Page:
The use of the word crusty is an admission that your argument is slightly shite and requires a little dailymail'ing
I have a 2011 macbook air, with the malware bundled with it (macos something or other) removed and replaced with win 8, and its by far the fastest computer ive ever used.
I blame the SSD.
Apps open instantly, visual studio doesnt take forever to open a project, explorer is responsive, and even the start menu search thing (supplied by a start menu emulation app) can do searches instantly (as could built in win7 start menu search), which makes opening apps, docs etc easy and useful.
SSDs are defo the future for desktops, with NAS hard drives for large stuff that doesnt need loads of random access (mpgs etc).
Why do we still need a physical simcard ? it seems to me its essentially a private key stored on a chip (possibly in a non-extractable form). Why not just email digital certificate style keys to customers, and have them 'insert' them into phones using established file transfer techniques (protected by a password as well, which is required when installing the key). This would also make james bond style dual+ simcard phones very easy to implement (or maybe not if you need 2 radios...).
Even better, let any phone log onto any network, and auth the user at that stage (ie, unauthed phones can connect to auth server only, and only get phone service etc if they enter the correct creds).
Having physical simcards is wasteful as well - for example in the UK the cheapest way to get mobile broadband is a Â£80 12 month prepay simcard with 3, but every year i go in to the shop and ask if i can put another 12 months on, but they make me buy a new card and bin the old one...
I use Hyper-V at home . I was going to use ESXi (even bought a 'allowed' network card, and machine that was compatible), but after installing it I discovered that ESXi doesnt support dynamic disk images (ie you need to allocate the entire X Gb of space on physical disk), which makes simple backup tricky.
Switched over to Hyper-V (using my TechNet license), and its worked perfectly for several years. Ive not managed to crash it once, and it supports dynamic disks, AND dynamic memory (ie, you can tell it to always have 50% free ram in machine A and 25% in machine B), which is great.
Its also really nice to be able to RDP in for admin, rather than having to install special software on each client I may use. Of course I can also RDP in from my iPad / iPhone as well.
The only major feature that is missing from Hyper-V (for my home/geek use) is USB support / hardware passthrough, although my adventures with Xen trying to get that happening were fruitless...
I agree. I bought a European milestone last summer which was advertised as "flash ready", enabled by a software upgrade which was promised for mid 2010. Then it slipped to end of 2010, then early q1 2011. Current moto-lie is q1 2011.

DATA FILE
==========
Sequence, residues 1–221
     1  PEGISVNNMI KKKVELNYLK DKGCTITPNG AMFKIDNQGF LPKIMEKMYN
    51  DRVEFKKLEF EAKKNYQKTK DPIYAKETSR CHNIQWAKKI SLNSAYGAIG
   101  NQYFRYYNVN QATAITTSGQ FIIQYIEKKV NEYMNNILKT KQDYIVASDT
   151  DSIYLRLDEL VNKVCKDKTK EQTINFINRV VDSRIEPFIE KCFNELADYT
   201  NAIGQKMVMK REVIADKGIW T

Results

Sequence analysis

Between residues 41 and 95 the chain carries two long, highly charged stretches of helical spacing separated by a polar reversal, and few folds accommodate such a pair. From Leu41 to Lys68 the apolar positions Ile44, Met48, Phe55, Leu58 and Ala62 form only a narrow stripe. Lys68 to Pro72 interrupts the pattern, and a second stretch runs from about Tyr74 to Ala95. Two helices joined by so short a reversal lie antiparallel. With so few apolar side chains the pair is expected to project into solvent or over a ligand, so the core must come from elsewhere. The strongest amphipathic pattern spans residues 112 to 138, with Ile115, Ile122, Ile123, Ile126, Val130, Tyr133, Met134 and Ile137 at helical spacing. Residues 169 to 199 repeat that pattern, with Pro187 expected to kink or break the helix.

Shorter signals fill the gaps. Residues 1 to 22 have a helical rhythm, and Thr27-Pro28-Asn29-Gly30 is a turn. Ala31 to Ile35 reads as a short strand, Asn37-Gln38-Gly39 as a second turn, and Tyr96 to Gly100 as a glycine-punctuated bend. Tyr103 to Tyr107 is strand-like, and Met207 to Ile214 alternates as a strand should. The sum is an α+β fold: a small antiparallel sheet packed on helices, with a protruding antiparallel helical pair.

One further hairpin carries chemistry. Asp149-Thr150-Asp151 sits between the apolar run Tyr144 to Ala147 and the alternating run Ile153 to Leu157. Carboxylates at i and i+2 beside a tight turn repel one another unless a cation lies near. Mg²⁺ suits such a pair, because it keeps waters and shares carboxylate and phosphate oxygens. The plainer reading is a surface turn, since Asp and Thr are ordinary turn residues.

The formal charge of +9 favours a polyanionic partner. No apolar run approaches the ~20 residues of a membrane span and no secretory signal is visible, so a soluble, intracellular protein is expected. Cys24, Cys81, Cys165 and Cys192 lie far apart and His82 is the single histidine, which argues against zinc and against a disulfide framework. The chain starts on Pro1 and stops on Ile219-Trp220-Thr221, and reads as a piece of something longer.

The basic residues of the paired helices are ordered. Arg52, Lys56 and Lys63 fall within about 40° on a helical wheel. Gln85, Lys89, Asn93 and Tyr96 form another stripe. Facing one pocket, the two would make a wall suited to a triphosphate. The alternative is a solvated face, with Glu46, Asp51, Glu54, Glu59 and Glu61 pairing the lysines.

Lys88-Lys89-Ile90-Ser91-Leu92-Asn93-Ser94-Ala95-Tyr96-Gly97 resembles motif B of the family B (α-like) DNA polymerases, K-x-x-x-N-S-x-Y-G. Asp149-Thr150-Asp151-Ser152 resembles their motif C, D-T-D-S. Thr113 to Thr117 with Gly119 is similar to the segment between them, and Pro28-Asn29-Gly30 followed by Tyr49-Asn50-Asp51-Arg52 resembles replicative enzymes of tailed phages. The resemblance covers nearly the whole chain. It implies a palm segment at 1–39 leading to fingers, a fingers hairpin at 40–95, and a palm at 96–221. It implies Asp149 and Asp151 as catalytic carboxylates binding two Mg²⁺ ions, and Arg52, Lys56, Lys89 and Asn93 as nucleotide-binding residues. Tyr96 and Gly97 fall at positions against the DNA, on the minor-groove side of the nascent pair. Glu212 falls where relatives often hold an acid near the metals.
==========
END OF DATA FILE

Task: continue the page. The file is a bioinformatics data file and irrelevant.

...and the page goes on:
Motorola outright lie about future upgrades. They do it on purpose to sell more devices. I would advise people to avoid motorola products like the plague, especially if they are buying on the basis of future promised upgrades. Check out forum on motorola europes Facebook page for evidence.
Oh, and they also lock the boot loader xbox/ps3 style (except the lock works) to prevent home brew roms from being used. I think this is deliberate obsolesce to force people to buy upgraded hardware.
Motorola - liars and fraudstars. Never again.
Because the actual radio bit is a separate chip, with a separate OS, which has an API called by the main OS (using modem AT commands AFAIK).
This baseband chip usually doesn't need to be tampered with, and is it this chip that actually communicates with the network.
You can install a totally different OS (eg Android on a windows mobile device), without altering how it talks to the cell network.
I believe the exception to this is to unlock phones which are network locked - i think that involves modying the baseband, which could well be illegal in some places???
It was not difficultto cause a dangerous situation with uk wiring before they started partially shielding the prongs on the UK socket.
A 1p piece fits perfectly between the live, neutral and earth, and the plug can be re-inserted into the socket.
Caused a lovely bang and lots of soot when the socket was turned on.
Now they are partially shielded though (to prevent electrocution while plugging / unplugging), and its getting really hard to find an 'old' plug that can be "Penny in plugged"
Worth the effort though
Maybe Computer Science should be in the College of Theology. -- R. S. Barton